Tuesday, December 31, 2013

Ringing in 2014

Lyn does not ring in the New Year.

For her, it will be a quiet day with perhaps an errand or lunch out with Mom.  If she says up late, it will be because she's more nervous about hearing gun shots or fireworks than any other reason.  However, if she starts to fold up early, Mom may be able to convince her to go to sleep before the New Year's maybe begins around them.  She folded up night before last at 5:30.  So, it is entirely possible that she'll be deep asleep beforehand.

Nights like this are hard on Alzheimer's patients because they do not understand what the sounds are or from where they originate.  This leads to fear and confusion.  However, the New Year's transition can be an opportunity to help the individual spark strong long-term memories if favored music or movies from their earlier years may help them enjoy the day.

If you spend the New Year's holiday reminiscing with friends, lifting a glass of bubbly or quietly at home, may the end of 2013 and the beginning of 2014 be a time of happiness and peace for you.

Happy New Year.

Friday, December 27, 2013

A Busy Season

Lyn had a busy holiday season.

She had multiple visits with Santa, a holiday open house, a trip to Christmas Town at the local amusement park and, of course, an opportunity to unwrap her gifts.

As the holiday season winds down, I leave you with this:


Thursday, December 26, 2013

Nikka's Gift

I spoke with Mom and Lyn yesterday morning to see how the gift unwrapping went.  Lyn was happy.

She liked the shirt we gave her as well as the oversized coloring book.  She liked the new blanket Mom gave her.  She was happy with what Santa gave her but miffed that he didn't eat both of the cookies that were left out for him.  The explanation that he gets so many cookies as he works did not mollify her at all.

When she and I spoke, she called out the socks that Nikka gave her.  Nikka gave her two pair of socks with bowling pins on them.  They are her new bowling socks and she was so excited that Nikka went shopping and knew what to get her.

I wasn't sure if she was joking or not.  I don't think she was.

Tuesday, December 24, 2013

Traditions

Traditionally, the people of New Mexico complete their Christmas decorations on Christmas Eve.  While they may have had lights up or even lawn decorations for days before, the decorations are not complete until the luminarias are set up and lit for the night.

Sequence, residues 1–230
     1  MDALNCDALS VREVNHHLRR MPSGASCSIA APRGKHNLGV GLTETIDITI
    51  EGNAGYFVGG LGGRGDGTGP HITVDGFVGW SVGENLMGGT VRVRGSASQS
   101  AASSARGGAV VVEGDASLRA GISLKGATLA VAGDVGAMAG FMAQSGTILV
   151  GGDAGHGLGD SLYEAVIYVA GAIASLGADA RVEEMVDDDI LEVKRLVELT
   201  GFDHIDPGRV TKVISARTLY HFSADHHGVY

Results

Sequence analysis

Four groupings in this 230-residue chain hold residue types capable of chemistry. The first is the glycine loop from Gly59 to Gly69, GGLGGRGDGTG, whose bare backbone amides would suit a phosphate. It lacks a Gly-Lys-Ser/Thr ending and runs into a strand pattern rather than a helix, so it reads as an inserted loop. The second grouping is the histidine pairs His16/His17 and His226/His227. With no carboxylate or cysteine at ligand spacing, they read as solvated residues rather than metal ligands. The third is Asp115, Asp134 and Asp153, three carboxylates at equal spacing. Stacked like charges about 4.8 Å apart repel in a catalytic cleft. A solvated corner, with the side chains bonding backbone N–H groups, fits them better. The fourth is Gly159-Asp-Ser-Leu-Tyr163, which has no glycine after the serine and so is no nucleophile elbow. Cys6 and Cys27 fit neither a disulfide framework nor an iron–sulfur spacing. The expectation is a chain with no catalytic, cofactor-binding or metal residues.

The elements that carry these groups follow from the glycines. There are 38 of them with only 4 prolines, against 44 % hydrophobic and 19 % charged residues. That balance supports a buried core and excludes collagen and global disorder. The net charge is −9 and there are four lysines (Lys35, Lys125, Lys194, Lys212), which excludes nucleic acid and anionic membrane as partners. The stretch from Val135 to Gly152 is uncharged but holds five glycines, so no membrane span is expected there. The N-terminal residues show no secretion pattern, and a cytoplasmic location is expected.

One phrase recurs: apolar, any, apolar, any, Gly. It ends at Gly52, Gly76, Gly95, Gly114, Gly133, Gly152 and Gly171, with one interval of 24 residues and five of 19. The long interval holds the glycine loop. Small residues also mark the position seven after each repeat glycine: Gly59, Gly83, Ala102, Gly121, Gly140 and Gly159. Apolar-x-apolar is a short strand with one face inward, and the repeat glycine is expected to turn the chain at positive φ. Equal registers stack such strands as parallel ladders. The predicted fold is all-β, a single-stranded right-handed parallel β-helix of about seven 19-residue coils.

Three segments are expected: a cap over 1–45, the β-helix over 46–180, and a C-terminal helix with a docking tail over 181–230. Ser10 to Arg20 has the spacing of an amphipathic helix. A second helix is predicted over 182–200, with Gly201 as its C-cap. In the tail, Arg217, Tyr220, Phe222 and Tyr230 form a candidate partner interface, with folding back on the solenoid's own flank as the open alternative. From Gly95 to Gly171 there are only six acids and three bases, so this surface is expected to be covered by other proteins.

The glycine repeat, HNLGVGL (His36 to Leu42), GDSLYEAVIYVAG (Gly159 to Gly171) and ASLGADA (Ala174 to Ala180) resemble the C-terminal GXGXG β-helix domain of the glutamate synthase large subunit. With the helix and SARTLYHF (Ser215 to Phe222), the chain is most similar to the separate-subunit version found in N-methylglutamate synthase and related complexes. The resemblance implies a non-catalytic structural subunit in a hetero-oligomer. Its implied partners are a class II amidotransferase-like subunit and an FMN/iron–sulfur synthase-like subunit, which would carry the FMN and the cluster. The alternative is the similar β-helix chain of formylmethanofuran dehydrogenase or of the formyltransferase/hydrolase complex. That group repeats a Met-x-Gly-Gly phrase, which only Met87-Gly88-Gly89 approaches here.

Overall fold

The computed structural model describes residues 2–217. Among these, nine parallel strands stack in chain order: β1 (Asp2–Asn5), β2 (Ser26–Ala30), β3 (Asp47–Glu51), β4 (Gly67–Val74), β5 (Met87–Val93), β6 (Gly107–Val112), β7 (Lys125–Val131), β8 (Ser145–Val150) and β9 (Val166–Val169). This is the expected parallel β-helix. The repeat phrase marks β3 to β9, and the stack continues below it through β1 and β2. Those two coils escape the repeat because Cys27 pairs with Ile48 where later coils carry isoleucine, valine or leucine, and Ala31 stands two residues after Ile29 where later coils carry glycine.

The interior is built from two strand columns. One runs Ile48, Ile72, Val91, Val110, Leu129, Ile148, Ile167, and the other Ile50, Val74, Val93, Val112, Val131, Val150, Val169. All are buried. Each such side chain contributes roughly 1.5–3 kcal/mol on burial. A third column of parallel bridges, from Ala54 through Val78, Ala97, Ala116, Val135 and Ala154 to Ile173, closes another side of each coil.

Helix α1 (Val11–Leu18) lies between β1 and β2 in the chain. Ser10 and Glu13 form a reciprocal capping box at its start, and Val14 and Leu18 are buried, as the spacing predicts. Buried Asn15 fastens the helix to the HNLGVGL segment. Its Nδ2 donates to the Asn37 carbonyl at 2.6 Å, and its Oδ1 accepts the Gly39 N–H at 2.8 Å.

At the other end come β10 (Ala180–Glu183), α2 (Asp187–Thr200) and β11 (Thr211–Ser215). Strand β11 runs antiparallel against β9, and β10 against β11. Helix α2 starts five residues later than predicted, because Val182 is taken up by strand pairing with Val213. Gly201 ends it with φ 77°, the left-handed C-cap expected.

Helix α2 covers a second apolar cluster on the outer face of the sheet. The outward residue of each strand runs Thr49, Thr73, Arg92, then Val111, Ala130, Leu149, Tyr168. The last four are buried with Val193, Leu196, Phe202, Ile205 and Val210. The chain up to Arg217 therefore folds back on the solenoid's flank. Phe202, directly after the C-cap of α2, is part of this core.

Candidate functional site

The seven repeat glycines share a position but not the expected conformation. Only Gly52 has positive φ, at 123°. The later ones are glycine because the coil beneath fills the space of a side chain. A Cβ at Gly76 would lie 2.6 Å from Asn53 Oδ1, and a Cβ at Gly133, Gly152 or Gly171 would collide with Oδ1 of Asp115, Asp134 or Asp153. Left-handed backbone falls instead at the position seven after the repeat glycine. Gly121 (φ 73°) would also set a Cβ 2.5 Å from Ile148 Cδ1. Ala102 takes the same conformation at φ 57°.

Mom has never decorated the outside of the house using lights.  However, luminarias have been as much a part of my family's traditions as any other.  Lunimarias were put in front of my Grandparents' home, in front of Mom's and, occasionally, in front of mine.

Lyn's been a regular participant in getting them set up.  Over the years, she's helped fold the opening of the bag down to give it a bit more strength.  She's helped fill the bags with sand and set a tea light in each one.  On Christmas morning after gifts have been unwrapped, she even helps with the clean up.

May your holiday be filled with love and light.

Monday, December 23, 2013

Google Doodle to the Rescue


Shopping for Lyn is very difficult.  I believe I've mentioned that previously.  If I see something that seems like something she'd like, I try to get it right away so I don't miss out on an opportunity.  

Nearly a year ago, I saw that Google had posted a Google Doodle celebrating the 120th Anniversary of the Nutcracker Ballet.  Lyn loves the ballet.  She watches each time she can catch it on TV.  I remember we watched it annually growing up as well.  She has a CD with the soundtrack.  Each year for the past several years, Mom has taken her to a live performance.  She could easily watch it daily.  When I saw the doodle, I thought of her and how much she loves the ballet.  That's when I spotted a link to the Doodle Store.

I bought her a shirt with the doodle on it.  She'll never realize that it spells out Google.  She will, however, recognize that it represents her favorite ballet.  


Mom can show Lyn the above video link and tell her that today's post is about the performance they saw over the weekend.  Then, when she unwraps her present on Wednesday, it may help spark that connection for her.  I hope she likes the shirt.  

By the way, they both enjoyed this year's performance much more than last year's.

Friday, December 20, 2013

Yes He Is

I spoke with Lyn last night to see how her day went.  She was very excited about the video message from Santa.

Mom had shown it to Lyn early in the morning.  She watched it twice before making her bed.  As I suspected, she held her breath and sat at the edge of her seat.  She was amazed that he had her picture.  She told me he had a machine which said she was on the good list.  She knows the machine is right.  She said that lots of people from the North Pole were in the video.  "There were lots of boys and girls in it eating popcorn."  I think this is the first time she didn't realize they were elves.

Most of all, she was flattered that he "said I look good in my new glasses!"
"Well, he's right!"
"YES He IS!"  She was so emphatic, stressing each word.  I couldn't help but laugh.

Well done, PNP.  Well done!

Thursday, December 19, 2013

Santa's Message

Each year since I learned about the Portable North Pole, I've used their service to send a personalized message to Lyn.  She LOVES it!

The site allows me to select from predefined message options to tailor the message to her.  It may seem a little stilted at points but she won't mind.  Santa will say her name and she'll see her picture.  She'll sit with her nose close to the computer and hold her breath as she watches with every fiber of her being.

I created this year's message for her over a week ago but there were problems with the site this year.  I was getting worried that she wouldn't get her message from Santa this year.  Fortunately, it appears they have finally gotten the issues resolved and we can now watch the video.